Arizona Students Enjoy Educational Opportunities, Cost Savings Of BYU I Pathway Program

Arizona Students Enjoy Educational Opportunities, Cost Savings of BYU-I Pathway Program

Arizona Students Enjoy Educational Opportunities, Cost Savings of BYU-I Pathway Program

At a recent orientation event, Church-service missionaries with the Pathway program conducted interviews, answered questions, gave information and signed up new applicants, bringing the total to more than 300 who signed up to participate in the Pathway program at the new Gateway site. Photo by John Power, Biltmore Photo.

By Cecily Markland

Arizona Students Enjoy Educational Opportunities, Cost Savings of BYU-I Pathway Program

The BYU-Idaho Pathway distance-learning program takes priesthood-driven, Church-sponsored higher education to thousands of students around the world. In 2009, when Pathway was launched, Mesa was one of three pilot sites.

By the time the 2014 winter semester began, Pathway had reached 7,000 students and 170 sites were under operation or had been announced from Alaska to South Africa, including in 18 countries.

The Arizona program has seen steady growth as well, and, in July the East Mesa and West Mesa sites were again “pilots.”

“We held the first multi-site graduation,” says Elder Daniel Shoemaker, who, with his wife, Lila, serves as a service missionary with the Pathway program.

“This graduation ceremony was another groundbreaking experience … a model for future such events,” said Elder Robert George. “There are a few smaller sites that are doing this, but nothing as large as the Mesa sites.”

The graduation was held at Mesa Community College Institute of Religion, where 600 were in attendance to honor approximately 200 graduates, ranging in age from 18 to 72.

The program’s popularity stems from the fact that it is a perfect fit for many who “have faced barriers of cost, time, fear, or lack of confidence to succeed in a university environment,” the program website states. “Pathway provides an educational opportunity never before thought possible.”

“Pathway is a low-cost educational opportunity that combines online courses with local gatherings,” it explains. “Students earn college credit that is eligible for transfer to BYU-Idaho and other universities.”

Students in the Pathway receive most of their instruction online, then meet weekly, typically in local meetinghouses, for institute classes and academic review. Each semester, students take five credit hours of classes, including institute, and the Pathway program takes three semesters, or one year, to complete.

That preparatory year opens the doors so students can go on to certificate, two-year degree, and four-year degree programs.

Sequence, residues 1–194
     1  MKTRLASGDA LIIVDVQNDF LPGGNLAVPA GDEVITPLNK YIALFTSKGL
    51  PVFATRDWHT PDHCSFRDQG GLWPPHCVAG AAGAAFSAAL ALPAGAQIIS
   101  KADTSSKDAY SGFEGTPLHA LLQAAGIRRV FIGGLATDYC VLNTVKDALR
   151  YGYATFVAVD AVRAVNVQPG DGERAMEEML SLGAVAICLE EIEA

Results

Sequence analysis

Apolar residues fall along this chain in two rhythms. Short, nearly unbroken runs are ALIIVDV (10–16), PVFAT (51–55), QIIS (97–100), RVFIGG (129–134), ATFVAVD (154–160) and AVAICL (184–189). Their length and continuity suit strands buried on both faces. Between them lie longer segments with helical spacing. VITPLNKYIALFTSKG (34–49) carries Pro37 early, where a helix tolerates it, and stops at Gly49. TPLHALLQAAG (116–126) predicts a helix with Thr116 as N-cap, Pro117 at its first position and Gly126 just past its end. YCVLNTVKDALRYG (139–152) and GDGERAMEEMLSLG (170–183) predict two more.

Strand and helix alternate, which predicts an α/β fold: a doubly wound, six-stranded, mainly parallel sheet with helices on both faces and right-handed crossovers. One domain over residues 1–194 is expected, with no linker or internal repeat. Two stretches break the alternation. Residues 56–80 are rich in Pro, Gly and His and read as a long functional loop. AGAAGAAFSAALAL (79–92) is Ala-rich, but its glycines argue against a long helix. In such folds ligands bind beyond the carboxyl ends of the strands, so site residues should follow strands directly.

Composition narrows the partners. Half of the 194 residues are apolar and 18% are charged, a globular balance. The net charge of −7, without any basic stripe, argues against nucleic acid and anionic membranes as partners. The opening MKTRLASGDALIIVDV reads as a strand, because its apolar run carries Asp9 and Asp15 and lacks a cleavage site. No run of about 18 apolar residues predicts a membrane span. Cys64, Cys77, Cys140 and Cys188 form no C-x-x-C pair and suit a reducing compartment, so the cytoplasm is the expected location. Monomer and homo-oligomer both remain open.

“As Church-service missionaries, we are called to oversee a cohort of students and to guide them through the program,” Elder Shoemaker says.

In addition to the convenience of online classes, the blessings of religious education and the support of missionaries as mentors, Pathway students find significant cost advantages as well.

“The cost is only $65 per credit hour,” says Elder Shoemaker.

That’s less than half the cost of a similar course taught on the BYU-Idaho campus and far less than other universities, Elder Shoemaker explains.

After the first year online, tuition stays at the same low level for students who go on to work toward completion of a two- or four-year degree.

As the program has grown in numbers, it also has expanded academically. At the beginning of 2013, there were seven bachelor’s degrees to choose from and just more than 130 courses online. Additional degrees are being added all the time and it was anticipated that “the number of online courses will likely double by the end of 2015.”

Arizona has recently opened five new sites in Chinle, Prescott, Show Low, Thatcher and Gateway (serving Gilbert/Queen Creek).

More than 320 students registered for the Gateway site, making it the third largest Pathway site in the world, and classes will be taught in two locations: the Highland High School Seminary building and San Tan Park Ward meetinghouse.

Kathleen George, who, with her husband, Robert, serves at the Mesa West site, says they have enjoyed being part of “Arizona’s exponential growth, since the beginning in 2009.”

“One of the most enjoyable aspects of serving as a Pathway missionary is watching the Pathway program change members’ lives for the better,” Sister George says.

“It’s an amazing experience to witness students feeling of God’s love for them personally, while deepening their testimony and increasing their faith,” she says. “Attaining a higher education for most students is a lifelong dream and Pathway offers an opportunity to accomplish this goal. As missionaries, we are continually blessed by our association with these students in the Pathway program.”

For more information about Pathway, visit:

The Beehive

The Arizona Beehive is a complementary East Phoenix Valley LDS lifestyle and living publication, published six times a year, featuring content on people to meet, places to explore, events to attend and businesses to patronize.